European carbon price hit a record high today after Germany announced it may set a floor price of 60 Euros/tonne for emitters over the next few years.
The EU’s Emissions Trading System (ETS) went as high as 73.18 Euros (~$82 USD) per metric ton.
The EU’s ETS forces power companies, manufacturers, and airlines to pay for each tonne of carbon dioxide they emit.
The European Union made the carbon market a central part of its ‘Fit for 55’ package to accelerate pollution cuts this decade. The EU’s goal is to cut net CO2 emissions by 55% from 1990 levels by 2030.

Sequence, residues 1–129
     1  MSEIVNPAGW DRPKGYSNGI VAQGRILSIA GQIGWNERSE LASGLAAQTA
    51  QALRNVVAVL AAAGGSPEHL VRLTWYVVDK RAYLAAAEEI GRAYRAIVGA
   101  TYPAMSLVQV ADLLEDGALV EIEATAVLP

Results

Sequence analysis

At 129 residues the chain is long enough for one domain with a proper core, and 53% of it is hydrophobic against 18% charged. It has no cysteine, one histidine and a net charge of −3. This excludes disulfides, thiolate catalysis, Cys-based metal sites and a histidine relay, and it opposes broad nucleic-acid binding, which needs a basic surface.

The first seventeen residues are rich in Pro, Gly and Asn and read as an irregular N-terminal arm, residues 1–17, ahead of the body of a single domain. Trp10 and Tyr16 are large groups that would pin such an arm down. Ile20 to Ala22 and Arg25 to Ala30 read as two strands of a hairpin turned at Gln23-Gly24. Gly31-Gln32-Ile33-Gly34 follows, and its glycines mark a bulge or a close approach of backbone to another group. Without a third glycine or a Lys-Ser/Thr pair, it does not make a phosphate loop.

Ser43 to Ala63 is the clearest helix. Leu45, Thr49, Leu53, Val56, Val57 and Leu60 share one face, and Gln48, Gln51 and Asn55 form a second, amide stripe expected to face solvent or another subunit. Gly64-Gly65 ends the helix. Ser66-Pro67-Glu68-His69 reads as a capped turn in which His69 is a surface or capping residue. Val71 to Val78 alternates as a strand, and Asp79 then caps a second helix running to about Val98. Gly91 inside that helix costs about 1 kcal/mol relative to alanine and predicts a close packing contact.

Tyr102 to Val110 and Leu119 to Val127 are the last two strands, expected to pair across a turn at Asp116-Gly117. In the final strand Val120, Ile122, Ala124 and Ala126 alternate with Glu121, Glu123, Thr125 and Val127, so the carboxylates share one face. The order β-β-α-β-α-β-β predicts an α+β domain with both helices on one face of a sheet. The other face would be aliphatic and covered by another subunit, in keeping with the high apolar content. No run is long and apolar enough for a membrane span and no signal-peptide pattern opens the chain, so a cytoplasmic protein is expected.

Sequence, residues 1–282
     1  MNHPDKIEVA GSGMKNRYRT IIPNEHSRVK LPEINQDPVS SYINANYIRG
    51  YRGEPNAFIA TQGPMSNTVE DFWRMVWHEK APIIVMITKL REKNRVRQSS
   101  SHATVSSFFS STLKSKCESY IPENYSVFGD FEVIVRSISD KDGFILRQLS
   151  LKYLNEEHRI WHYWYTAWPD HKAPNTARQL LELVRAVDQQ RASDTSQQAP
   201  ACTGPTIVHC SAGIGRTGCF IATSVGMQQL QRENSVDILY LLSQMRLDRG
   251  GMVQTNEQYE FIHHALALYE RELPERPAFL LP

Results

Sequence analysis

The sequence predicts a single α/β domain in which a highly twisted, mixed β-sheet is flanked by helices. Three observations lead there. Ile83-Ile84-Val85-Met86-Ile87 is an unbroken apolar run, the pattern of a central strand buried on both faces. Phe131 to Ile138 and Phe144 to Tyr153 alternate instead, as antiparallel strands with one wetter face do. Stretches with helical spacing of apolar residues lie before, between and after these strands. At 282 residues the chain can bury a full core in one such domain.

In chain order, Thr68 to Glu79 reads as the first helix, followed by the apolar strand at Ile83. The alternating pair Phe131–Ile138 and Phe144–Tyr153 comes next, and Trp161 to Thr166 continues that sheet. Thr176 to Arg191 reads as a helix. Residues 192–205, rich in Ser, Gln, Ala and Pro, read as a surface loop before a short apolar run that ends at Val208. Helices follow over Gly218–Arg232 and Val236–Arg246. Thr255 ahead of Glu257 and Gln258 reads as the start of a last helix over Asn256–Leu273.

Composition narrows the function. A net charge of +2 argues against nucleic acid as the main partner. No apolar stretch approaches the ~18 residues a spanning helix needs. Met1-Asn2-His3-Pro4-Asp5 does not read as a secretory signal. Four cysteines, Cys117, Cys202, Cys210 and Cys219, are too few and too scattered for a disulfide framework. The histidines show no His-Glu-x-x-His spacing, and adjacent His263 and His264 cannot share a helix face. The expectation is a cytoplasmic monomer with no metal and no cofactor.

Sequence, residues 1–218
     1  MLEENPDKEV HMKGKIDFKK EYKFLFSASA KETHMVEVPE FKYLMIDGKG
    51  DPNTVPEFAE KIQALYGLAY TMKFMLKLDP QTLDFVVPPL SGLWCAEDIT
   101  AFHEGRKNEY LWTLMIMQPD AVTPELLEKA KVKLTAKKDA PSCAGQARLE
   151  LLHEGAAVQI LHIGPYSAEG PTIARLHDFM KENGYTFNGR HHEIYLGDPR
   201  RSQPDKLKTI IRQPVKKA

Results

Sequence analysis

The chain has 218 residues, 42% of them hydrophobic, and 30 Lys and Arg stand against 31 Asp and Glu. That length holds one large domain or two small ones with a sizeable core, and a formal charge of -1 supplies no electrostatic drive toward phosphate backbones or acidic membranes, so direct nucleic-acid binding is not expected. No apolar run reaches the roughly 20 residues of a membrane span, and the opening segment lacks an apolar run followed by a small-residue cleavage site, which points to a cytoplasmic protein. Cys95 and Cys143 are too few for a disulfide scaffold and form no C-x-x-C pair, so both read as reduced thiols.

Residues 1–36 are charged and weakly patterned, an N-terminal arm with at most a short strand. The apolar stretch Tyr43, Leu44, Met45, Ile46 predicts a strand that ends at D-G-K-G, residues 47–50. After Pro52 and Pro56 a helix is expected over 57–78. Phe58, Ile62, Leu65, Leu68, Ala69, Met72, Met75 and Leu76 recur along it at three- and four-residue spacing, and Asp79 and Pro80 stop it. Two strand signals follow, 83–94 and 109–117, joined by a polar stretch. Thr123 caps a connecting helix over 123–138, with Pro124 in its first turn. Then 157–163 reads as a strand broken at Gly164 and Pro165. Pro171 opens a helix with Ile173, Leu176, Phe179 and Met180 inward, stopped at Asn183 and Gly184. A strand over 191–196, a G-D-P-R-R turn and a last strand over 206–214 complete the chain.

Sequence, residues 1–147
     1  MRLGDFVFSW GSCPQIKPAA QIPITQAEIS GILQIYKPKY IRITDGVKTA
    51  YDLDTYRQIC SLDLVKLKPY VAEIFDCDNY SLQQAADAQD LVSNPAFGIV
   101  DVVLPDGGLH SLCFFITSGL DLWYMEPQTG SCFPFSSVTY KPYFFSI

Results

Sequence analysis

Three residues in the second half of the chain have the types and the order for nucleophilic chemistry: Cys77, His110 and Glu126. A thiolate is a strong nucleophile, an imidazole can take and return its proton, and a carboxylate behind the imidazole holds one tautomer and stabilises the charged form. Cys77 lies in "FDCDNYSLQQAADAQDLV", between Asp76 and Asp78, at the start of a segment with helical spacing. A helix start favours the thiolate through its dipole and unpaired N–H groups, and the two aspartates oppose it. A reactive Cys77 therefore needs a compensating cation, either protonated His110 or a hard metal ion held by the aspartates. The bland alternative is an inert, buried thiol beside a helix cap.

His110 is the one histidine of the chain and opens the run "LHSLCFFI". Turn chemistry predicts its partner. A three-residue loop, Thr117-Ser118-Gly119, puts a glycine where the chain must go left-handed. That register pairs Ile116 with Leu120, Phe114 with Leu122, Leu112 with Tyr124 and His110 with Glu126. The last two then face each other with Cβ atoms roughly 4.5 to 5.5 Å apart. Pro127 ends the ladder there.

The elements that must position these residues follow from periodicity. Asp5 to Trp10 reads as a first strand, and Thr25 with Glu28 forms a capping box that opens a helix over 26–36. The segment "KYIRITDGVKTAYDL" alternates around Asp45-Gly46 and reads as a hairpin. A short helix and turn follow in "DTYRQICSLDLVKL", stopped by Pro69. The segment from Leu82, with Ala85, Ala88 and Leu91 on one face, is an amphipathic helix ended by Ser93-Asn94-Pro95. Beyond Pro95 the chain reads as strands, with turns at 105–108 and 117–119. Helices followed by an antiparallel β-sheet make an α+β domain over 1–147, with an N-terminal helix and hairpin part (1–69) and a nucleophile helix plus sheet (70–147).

Similar to the UK’s carbon price mechanism, the German decision on carbon prices would create an additional domestic levy. This added charge for emitters in Germany is on top of the price paid in the EU emissions trading system.
Germany is Europe’s largest economy and manufacturing accounts for 23% of Germany’s GDP compared to 11% of the UK’s GDP.
Manufacturing is a high-emitting industry and this significantly makes burning coal less attractive there faster than other EU members.